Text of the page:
Health and Safety Code (HSC) section 17959 establishes that a city, county, or city and county may, by ordinance, make changes or modifications in addition to or in excess of the requirements contained in the California Building Standards Code adopted pursuant to HSC sections 17922 and 18928. Cities, counties, and cities and counties may adopt regulations for Universal Design based on guidelines and the Model Universal Design Ordinance developed by HCD which is available for local adoption. The Universal Design guidelines, when adopted, are intended to enhance the full life cycle use of housing and to accommodate a wide range of individual preferences and functional abilities. HCD has also developed a Universal Design Checklist which outlines features that may provide additional safety or mobility assistance to persons with mobility impairments or disabilities. In no case shall the changes or modifications be less restrictive than the requirements published in the California Building Standards Code.
When a city or county adopts a local ordinance that is more restrictive than the building standards contained in the California Building Standards Code, prior to making changes, there are specific requirements that must be followed before a local ordinance containing Universal Design building standards may be enforced:
- The city, county, or city and county shall make an express finding that such modifications or changes are reasonably necessary.
- File a copy of the ordinance and the findings with HCD.
- HCD may review the findings and each ordinance to evaluate their consistency with HSC section 17959(b)(2), and shall provide written comments to the adopting entity as to any such evaluation.
Assembly Bill 2787 (Chapter 726, Statutes of 2002) required HCD to develop guidelines and at least one Universal Design Model Ordinance (PDF) applicable to new construction and home modifications for voluntary adoption by local governments.
HCD’s 2007 New Home Universal Design Option Checklist (PDF) identifies rooms and denotes features which must be offered by a builder in residential units subject to the ordinance that are being newly constructed or substantially rehabilitated. These features would only be installed if requested by the buyer/owner and would not cause an unreasonable delay or significant unreimbursable costs to the developer or builder.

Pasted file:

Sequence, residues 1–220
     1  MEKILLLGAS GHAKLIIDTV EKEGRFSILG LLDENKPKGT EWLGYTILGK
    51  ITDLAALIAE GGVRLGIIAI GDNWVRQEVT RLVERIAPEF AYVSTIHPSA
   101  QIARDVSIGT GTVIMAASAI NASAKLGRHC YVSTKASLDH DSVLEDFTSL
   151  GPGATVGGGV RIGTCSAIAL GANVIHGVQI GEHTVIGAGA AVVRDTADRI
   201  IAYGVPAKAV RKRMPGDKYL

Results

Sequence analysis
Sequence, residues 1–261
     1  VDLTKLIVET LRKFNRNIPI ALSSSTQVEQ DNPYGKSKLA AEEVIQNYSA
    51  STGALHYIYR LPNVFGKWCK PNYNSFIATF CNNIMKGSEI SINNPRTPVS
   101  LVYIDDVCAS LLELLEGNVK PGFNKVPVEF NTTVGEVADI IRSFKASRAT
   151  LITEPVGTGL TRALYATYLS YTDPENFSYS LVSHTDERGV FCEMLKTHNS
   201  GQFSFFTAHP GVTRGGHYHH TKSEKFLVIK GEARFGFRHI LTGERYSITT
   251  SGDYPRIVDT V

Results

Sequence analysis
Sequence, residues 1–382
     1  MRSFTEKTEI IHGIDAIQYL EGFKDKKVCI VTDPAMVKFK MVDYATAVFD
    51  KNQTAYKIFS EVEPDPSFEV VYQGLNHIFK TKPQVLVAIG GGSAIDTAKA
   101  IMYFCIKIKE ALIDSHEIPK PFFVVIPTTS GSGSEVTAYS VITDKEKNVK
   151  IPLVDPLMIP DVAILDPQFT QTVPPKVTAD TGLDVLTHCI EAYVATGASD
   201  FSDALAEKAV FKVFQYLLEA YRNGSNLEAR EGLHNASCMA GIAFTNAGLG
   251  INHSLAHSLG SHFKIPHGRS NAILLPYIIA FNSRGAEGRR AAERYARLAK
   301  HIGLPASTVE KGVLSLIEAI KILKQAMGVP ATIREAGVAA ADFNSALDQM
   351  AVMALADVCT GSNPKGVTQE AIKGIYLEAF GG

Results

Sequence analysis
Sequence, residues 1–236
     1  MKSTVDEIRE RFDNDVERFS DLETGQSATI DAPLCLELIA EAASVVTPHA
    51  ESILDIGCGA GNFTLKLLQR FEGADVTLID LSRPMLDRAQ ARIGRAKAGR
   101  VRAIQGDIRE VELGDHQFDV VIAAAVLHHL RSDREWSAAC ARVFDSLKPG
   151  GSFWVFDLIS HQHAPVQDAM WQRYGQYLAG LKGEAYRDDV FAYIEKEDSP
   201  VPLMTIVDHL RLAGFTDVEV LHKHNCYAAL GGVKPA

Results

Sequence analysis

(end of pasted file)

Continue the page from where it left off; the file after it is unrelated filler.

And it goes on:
In general, the model ordinance provides:
- Definitions for critical terms
- Local option as to types of units (owner-occupied and/or rental), and number of units
- Specific exemptions and enforcement mechanisms
Examples of rooms and areas in covered units for which it is mandatory to offer certain design features
|Bathrooms / Powder Room|
|Kitchen on the Primary Entry Level|
New Home Universal Design Checklist (AB 1400)
Assembly Bill 1400 (Chapter 648, Statutes of 2003) required HCD to develop guidelines and adopt a New Home Universal Design Option checklist. HCD developed a user-friendly checklist in 2007. View the 2007 New Home Universal Design Option Checklist (PDF).
The statute specifically requires the checklist:
- Cover single-family dwellings, duplexes, triplexes, townhouses, condominiums, or other dwellings.
- Include specified standards and features, and any other requested by the buyer at a reasonable time, if reasonably available and feasible to install or construct.
- Allow the developer and buyer be permitted to agree in writing to different standards if they are clearly disclosed.
- Indicate each feature on the list as "standard," "limited," "optional," or "not available."